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The power of protein for dry cows

Angie Manthey for Progressive Dairy Published on 19 July 2019

In the world of dairy nutrition, new recommendations are continually being made. An important area of focus in which new advances are being made is dry cow nutrition, especially the close-up dry cow period, as it is a crucial time.

This time period is the last 21 days of gestation prior to calving and is a pivotal time to set the cow up for success for its next lactation.

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Several advances have already been made to dry cow rations in order to help prevent metabolic problems, but there is still room for opportunity. Previously, dry cow rations have been balanced for crude protein, but new data suggests that for a successful transition after calving, it needs to go a step beyond that.

What happens during the last 21 days of gestation?

During the close-up period, the cow’s nutritional needs change drastically. A significant amount of fetal growth happens just prior to calving. In fact, approximately 70 percent occurs during the last 60 to 70 days of pregnancy. Mammogenesis, mammary gland development, is also occurring in order to prepare for lactation. These changes require more protein and all occur while dry matter intake (DMI) is typically most variable and dropping prior to calving, causing the cow to have variable or decreased protein intake. The cow starts mobilizing protein two weeks before calving and continues until about six weeks post-calving. This not only affects the energy status of the cow but also the protein balance.

By supplying the close-up dry cow with adequate metabolizable protein (MP) without greatly exceeding the energy requirement, the cow can increase the nitrogen retention in its tissues, thereby decreasing the amount of protein mobilization before calving. This puts the cow at a better protein status at calving and helps maintain that protein status just after calving when DMI is low and the cow is susceptible to transition challenges.

The cow uses that mobilized protein for milk protein synthesis and, to a lesser extent, the production of glucose or energy. Protein and amino acids play a central role in many physiological functions, including immune system function and cell renewal.

Recommendation for adequate protein supply

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The transition cow is under great stress and is at greatest risk for infectious diseases during the last 21 days of gestation and the first 21 days of lactation. Insufficient dietary protein supply can put stress on the immune system and can result in post-calving issues such as retained placenta, mastitis, metritis, poor colostrum quality, and poor production and reproduction performance.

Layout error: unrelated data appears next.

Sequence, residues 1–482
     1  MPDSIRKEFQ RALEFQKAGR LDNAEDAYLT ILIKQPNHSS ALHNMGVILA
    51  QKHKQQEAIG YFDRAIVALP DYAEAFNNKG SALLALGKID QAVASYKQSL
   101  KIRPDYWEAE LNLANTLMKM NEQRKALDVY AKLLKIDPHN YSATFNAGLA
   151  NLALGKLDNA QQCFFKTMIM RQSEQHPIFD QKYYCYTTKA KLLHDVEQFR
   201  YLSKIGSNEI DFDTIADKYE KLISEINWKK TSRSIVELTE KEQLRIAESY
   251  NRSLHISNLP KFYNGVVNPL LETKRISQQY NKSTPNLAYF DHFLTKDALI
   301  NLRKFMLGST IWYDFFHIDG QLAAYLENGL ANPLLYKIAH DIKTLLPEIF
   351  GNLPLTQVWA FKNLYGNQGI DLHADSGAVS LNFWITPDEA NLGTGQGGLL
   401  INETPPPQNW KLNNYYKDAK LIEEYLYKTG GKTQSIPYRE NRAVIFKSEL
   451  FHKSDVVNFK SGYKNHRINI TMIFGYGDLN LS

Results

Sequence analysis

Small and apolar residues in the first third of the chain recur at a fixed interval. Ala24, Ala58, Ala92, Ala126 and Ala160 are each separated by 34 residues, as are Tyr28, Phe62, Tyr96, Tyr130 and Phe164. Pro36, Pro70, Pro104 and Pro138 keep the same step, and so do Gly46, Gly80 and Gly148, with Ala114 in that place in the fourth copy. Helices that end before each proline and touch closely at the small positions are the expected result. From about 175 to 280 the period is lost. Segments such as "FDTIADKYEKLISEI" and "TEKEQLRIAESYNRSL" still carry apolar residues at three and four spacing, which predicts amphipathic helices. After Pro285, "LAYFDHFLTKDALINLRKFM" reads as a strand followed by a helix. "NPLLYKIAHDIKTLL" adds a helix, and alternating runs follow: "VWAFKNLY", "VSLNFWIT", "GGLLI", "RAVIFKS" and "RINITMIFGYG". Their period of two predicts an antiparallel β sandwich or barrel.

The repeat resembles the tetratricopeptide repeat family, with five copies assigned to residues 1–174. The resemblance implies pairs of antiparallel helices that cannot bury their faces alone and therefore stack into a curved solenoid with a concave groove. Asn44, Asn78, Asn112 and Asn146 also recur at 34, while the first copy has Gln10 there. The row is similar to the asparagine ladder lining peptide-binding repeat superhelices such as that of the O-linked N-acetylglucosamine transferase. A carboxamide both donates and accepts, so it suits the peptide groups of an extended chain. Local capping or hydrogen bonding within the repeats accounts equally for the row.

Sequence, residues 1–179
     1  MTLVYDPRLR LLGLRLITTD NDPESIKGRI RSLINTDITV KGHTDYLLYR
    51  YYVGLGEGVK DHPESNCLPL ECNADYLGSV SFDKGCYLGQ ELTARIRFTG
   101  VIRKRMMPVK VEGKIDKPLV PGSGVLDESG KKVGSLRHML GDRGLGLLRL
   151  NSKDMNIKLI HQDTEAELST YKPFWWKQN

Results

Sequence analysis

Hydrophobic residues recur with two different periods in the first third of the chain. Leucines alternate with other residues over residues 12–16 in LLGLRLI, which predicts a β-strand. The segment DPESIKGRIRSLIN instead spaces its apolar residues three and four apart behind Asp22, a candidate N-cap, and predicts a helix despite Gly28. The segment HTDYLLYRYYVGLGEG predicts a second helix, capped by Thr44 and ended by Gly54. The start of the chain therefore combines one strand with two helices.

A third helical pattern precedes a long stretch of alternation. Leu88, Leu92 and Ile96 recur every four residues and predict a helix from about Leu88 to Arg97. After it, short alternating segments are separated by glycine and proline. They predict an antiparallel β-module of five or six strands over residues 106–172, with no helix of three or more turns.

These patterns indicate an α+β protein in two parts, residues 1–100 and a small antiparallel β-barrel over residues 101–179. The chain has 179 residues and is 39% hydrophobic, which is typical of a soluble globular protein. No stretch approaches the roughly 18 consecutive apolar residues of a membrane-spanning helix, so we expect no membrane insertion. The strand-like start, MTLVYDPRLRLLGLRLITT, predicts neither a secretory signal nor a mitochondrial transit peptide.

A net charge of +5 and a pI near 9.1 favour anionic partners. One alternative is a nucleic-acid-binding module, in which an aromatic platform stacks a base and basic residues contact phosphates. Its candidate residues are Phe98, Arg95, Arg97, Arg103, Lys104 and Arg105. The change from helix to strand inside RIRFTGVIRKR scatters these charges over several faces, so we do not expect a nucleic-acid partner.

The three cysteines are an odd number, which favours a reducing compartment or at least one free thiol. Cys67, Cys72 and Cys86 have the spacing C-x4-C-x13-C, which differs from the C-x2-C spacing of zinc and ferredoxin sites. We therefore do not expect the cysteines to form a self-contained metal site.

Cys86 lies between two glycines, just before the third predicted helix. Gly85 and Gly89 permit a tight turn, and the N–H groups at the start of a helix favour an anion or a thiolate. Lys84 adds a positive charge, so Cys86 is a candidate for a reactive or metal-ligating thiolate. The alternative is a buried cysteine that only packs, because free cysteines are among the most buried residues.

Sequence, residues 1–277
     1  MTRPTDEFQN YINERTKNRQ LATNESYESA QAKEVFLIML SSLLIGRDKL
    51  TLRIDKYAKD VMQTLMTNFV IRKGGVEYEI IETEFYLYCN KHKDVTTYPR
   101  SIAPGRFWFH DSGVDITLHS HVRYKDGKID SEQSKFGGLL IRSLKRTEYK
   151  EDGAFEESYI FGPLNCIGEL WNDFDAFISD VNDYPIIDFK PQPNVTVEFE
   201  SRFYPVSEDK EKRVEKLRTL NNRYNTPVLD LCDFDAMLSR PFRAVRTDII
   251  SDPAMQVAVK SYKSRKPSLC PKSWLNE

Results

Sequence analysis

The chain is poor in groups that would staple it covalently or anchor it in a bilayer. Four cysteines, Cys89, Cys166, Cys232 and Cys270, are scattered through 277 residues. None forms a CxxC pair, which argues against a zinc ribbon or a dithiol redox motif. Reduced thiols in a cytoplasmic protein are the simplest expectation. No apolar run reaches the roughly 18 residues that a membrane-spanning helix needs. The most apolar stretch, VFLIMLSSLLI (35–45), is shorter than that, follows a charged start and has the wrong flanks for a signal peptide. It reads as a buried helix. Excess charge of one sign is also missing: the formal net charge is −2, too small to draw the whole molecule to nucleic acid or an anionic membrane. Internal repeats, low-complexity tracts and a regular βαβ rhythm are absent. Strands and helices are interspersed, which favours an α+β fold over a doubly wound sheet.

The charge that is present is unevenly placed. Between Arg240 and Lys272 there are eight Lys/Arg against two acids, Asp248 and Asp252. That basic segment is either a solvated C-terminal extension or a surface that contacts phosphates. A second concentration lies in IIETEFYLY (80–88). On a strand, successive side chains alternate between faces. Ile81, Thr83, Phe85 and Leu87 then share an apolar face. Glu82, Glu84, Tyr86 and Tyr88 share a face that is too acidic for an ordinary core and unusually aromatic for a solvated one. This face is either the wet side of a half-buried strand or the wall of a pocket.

What protein does the cow need?

Attention needs to be made to the source and quality of the protein, not just the amount of protein in the ration. Advancements in the models for ration balancing have made it possible to estimate the MP supply and needs of dry cows, while the use of crude protein continues to remain important. This gives nutritionists the opportunity to formulate diets for dry cows based on MP and amino acids.

MP is defined as the true protein, and the amino acids that make up that protein are available for digestion and absorbed by the intestines. Therefore, the amino acid, or the building block of the protein, is the nutrient the cow requires. Metabolizable protein is a better reflection of protein supply to the cow, and it typically comes from a combination of three sources:

  •  Microbial crude protein is synthesized in the rumen, and production relies heavily on a balance of adequate rumen-degradable protein (RDP), which is the protein broken down within the rumen and fermentable carbohydrates in the diet.

  • Rumen-undegradable protein (RUP) is the protein from the feed that passes through the rumen without being degraded by the rumen microbes.

  • Endogenous crude protein, the lesser of the three sources, is the protein from sloughed cells within the cow, etc.

Typically, these goals can be met with 12 to 15% protein diets. There is no benefit to feeding more than the recommended amount of protein. In a lactating cow, the rumen microbes will supply some MP if there are adequate fermentable carbohydrates and nitrogen supplied in the diet.

Since dry cow diets are low in energy and therefore have a limited amount of fermentable carbohydrates, especially starch, a RUP product or rumen-protected amino acids typically need to be included in the diet in order to achieve the appropriate amount of MP and amino acid profile to meet the dry cow’s requirements.

Success for the next lactation begins during the dry period. Protein plays a pivotal role in many of the cow’s biological processes. This makes the close-up dry period an especially crucial time to ensure rations are delivering cows with adequate MP in order to have a successful start to their next lactation.  end mark

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References omitted but are available upon request. Click here to email an editor.

Angie Manthey
  • Angie Manthey

  • Dairy Nutritionist
  • Hubbard Feeds
  • Email Angie Manthey

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